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How to Build a Radial Arm Saw Stand

Transform plywood and 2-x-2 boards into a stand for your saw.
construction ,measuring image by Greg Pickens from Fotolia.com

Radial arm saws are available in various sizes. A stand should be tailor-made to a specific model, but all stands must be sturdy and rigid. In use, a radial arm saw's center of gravity changes and the size of the wood being sawed can also affect stability. Therefore, the stand's design must allow for the maximum size of timber to be cut and the traveling distance of the saw blade. Providing storage space in the stand also lowers its center of gravity, which increases stability. Securing the stand to the floor or another bench further stabilizes it.

Transform plywood and 2-x-2 boards into a stand for your saw.
construction ,measuring image by Greg Pickens from Fotolia.com

Things You'll Need:

  • Tri-Square
  • Spanner
  • 2" X 2" Planed Timber
  • 1" Plywood
  • Drill
  • Mallet
  • Wood Chisel
  • Countersink Bit
  • Wood Glue
  • Angle Brackets
  • Screws
  • Tenon Saw
  • Marking Gauge
  • Drill Bit
  • Nuts, Bolts And Washers

Design and Preparation

Design the stand. Calculate your ideal work height for the saw and size of base required for maximum stability. A simple design would incorporate a plywood top, a plywood shelf, four legs and six cross-member supports. The sides would be "H-shaped," the front and rear a square "A" shape. The height of the cross-members should be staggered in pairs from the top.

Mark out and cut the plywood and timber to size. This would equate to two plywood pieces of equal size, four legs of equal size, four long cross-members and two shorter cross-members.

Lay two legs and two long cross-members in designed position and mark out where joints occur, shading waste wood to be removed. Position the shelf about six inches above the ground. Repeat for second pair of legs and long cross-members, and with legs and short cross-members. For rigidity, T-halving and corner halving joint construction should be the minimum requirement. Use a marking gauge to indent center lines.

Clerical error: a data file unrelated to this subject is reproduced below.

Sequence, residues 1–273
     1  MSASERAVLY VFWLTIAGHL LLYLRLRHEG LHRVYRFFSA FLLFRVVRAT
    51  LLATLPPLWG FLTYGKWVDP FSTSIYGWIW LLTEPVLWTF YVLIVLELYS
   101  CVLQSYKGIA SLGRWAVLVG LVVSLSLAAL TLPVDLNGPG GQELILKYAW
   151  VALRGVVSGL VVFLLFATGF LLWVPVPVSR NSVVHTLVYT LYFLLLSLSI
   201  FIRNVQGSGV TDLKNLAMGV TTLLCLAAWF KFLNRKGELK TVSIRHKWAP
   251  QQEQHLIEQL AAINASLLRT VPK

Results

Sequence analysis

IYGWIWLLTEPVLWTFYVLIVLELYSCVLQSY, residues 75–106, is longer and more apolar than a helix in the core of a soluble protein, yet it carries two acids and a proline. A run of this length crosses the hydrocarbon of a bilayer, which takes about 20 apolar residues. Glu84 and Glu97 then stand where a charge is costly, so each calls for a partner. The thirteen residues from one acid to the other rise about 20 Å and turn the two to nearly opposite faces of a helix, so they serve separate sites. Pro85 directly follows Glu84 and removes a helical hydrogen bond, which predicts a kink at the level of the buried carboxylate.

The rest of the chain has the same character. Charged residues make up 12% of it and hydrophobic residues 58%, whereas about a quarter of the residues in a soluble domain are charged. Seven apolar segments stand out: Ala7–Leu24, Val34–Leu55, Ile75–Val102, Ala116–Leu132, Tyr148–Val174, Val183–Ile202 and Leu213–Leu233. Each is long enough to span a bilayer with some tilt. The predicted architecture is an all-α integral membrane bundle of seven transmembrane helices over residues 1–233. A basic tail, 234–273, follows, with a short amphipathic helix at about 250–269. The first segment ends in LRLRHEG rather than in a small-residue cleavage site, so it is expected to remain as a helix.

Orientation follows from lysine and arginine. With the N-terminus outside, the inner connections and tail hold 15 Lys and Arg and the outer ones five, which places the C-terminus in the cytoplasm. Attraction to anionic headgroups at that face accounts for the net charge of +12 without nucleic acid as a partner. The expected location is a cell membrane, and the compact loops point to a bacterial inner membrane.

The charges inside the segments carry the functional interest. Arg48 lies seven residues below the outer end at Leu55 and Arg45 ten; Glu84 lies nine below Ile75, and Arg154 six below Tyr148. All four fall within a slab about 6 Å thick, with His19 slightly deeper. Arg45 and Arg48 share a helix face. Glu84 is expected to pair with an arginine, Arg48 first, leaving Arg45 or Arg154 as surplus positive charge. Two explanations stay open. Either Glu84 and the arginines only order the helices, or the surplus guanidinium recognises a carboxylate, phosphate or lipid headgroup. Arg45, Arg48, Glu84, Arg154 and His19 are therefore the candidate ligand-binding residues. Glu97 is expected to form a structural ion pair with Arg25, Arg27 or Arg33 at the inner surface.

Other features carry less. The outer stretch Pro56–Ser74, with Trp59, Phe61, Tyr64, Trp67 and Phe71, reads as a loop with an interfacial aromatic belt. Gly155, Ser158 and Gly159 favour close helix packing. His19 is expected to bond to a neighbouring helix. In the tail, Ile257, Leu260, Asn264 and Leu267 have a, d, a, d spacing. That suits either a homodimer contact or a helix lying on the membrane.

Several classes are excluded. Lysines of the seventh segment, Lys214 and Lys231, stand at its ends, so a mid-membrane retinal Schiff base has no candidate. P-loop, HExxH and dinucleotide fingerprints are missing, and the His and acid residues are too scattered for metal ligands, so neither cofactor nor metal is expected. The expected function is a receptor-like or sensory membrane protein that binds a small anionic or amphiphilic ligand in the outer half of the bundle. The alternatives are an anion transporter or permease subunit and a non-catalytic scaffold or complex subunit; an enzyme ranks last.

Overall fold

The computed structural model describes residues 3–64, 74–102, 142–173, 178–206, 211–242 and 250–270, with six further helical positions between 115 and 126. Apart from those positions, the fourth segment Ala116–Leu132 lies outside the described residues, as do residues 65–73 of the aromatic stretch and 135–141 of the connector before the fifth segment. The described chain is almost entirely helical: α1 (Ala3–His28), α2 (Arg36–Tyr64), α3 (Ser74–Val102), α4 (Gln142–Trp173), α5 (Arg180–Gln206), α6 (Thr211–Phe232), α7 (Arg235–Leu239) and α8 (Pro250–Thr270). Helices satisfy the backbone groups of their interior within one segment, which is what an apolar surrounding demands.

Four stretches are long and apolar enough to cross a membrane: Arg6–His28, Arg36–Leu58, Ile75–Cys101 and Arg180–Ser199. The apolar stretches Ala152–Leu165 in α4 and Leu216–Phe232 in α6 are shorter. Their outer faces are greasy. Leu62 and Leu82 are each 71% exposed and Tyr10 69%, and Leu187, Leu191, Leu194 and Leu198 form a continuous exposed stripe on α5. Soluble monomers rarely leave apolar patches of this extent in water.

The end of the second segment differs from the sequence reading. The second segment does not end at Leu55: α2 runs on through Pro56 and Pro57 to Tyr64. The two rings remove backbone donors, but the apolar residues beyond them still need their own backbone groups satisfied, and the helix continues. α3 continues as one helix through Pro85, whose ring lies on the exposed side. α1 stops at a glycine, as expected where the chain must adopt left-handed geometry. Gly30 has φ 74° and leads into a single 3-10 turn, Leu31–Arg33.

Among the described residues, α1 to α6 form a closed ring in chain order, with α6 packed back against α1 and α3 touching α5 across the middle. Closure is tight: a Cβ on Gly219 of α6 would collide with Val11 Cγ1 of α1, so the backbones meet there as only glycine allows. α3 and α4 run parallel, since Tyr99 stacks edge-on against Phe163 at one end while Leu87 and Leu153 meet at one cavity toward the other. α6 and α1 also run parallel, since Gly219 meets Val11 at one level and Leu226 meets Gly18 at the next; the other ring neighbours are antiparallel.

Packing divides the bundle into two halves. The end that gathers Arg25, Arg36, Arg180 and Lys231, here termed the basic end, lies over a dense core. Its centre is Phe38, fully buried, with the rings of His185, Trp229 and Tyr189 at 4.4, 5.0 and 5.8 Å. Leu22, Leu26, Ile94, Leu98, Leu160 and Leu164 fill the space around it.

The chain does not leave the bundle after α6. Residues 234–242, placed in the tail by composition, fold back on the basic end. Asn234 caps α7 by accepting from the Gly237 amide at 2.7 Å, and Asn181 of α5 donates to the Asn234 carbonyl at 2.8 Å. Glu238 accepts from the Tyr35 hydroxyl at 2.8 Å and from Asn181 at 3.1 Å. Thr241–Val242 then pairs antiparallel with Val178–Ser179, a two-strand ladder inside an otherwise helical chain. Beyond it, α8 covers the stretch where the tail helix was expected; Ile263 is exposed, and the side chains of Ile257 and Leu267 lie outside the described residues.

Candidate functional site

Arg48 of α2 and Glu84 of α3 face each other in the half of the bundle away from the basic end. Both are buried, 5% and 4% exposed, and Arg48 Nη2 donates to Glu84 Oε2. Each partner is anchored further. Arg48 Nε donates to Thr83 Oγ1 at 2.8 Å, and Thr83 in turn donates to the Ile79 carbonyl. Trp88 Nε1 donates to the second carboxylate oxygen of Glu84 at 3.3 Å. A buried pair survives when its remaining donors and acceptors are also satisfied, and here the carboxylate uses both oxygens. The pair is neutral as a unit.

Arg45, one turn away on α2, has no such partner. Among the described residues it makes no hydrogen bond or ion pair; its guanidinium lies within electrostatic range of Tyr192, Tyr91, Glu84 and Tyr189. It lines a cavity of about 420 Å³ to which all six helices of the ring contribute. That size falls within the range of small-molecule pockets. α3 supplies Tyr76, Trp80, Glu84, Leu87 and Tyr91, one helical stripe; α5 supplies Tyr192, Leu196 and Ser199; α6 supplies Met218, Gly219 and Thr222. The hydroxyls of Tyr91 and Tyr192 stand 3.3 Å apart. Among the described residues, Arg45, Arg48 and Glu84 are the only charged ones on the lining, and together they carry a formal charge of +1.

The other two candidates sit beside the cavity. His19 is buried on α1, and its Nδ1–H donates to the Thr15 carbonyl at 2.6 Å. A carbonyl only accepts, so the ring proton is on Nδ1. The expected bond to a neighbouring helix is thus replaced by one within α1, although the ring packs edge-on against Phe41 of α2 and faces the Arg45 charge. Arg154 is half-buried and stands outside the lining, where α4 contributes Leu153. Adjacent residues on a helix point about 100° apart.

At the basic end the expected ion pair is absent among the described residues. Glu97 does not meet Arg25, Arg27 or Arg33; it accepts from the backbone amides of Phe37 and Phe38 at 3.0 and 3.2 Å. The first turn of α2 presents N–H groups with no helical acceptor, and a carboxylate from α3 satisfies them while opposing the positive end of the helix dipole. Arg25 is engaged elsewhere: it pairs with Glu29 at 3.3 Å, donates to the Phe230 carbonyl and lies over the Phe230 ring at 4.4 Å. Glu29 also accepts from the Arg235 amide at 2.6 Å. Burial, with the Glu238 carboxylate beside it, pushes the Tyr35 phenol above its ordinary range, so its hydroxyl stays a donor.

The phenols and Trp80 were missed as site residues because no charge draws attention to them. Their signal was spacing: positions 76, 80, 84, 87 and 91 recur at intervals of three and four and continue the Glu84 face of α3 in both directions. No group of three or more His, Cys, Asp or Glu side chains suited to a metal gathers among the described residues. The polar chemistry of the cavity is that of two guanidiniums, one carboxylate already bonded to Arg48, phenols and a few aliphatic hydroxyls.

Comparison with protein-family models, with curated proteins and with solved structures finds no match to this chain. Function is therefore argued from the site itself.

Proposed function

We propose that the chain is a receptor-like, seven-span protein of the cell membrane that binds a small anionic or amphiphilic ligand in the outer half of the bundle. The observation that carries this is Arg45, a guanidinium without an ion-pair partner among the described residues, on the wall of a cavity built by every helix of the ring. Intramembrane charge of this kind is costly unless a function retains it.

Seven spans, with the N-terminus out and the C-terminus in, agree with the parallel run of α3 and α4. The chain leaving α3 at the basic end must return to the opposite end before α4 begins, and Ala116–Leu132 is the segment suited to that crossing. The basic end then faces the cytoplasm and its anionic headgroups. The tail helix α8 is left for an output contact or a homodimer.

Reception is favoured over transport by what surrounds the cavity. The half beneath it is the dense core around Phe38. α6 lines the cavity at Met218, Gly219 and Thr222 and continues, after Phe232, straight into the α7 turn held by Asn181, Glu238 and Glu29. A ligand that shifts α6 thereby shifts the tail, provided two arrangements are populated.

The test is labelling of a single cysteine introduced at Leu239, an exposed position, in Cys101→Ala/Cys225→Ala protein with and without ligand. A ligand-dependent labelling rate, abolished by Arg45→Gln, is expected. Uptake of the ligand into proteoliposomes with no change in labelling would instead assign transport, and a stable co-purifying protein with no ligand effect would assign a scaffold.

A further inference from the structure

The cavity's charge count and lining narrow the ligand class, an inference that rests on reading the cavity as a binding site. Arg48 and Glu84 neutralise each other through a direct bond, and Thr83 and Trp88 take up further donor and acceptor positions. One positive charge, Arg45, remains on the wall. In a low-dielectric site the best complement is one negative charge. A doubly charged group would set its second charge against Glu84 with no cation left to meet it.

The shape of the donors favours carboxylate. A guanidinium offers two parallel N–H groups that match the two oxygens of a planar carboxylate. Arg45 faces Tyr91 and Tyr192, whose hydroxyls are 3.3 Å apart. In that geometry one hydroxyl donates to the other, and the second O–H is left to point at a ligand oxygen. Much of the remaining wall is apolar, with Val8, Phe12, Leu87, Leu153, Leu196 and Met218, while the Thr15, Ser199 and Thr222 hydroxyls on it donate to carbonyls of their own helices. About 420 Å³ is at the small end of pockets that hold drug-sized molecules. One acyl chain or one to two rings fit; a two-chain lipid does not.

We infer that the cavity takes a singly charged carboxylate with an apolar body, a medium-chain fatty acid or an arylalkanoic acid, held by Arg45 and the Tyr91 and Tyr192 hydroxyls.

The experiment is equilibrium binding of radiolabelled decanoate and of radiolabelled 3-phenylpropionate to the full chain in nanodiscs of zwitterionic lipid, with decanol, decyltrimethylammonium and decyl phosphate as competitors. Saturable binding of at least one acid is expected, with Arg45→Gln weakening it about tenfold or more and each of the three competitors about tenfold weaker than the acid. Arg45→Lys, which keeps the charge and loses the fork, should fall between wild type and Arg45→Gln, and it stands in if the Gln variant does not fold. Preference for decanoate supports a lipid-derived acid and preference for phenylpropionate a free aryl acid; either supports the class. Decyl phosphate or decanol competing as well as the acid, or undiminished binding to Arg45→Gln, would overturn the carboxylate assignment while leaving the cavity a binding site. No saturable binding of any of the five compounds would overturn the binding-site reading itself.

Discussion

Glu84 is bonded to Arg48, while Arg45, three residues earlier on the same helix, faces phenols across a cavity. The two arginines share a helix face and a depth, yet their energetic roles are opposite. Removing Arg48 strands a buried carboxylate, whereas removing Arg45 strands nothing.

Joint Cutting and Dry Assembly

Secure the wood and saw halving joints at one end of each leg and at both ends of every cross member.

Cut the eight T-halving joints. Saw vertically to the center line and remove the waste wood gradually, using a mallet and chisel.

Assemble the stand dry, mark and name each side of every joint to ensure identical re-construction after dismantling.

Dismantle. Drill two clearance holes and countersink the outside of one side of each joint.

Assembly and Fixing

Glue, assemble and screw the stand together matching the marked joints. Remove any surplus glue. Leave the stand to dry.

Cut two-inch square recesses at each corner of the plywood shelf, assemble then mark the best dry fit. Remove the shelf and drill and countersink three holes, one inch from correct two edges. Glue, reassemble and screw the shelf into position. Repeat for the stand top without cutting recesses. Remove any surplus glue. Leave the stand to dry.

Drill and screw angle iron to base of feet and floor or neighboring bench.

Position your radial arm saw on the finished stand. Mark securing holes. Drill holes and bolt the radial arm saw to its stand.


Practice marking out and cutting halving joints on scrap wood. Use a chisel to clean up the joints.

More experienced woodworkers could cut mortise and tenon joints.

Avoid cutting joints on knotted timber.


  • Stagger cross-members at least six inches apart to eliminate possibility of splitting timber.
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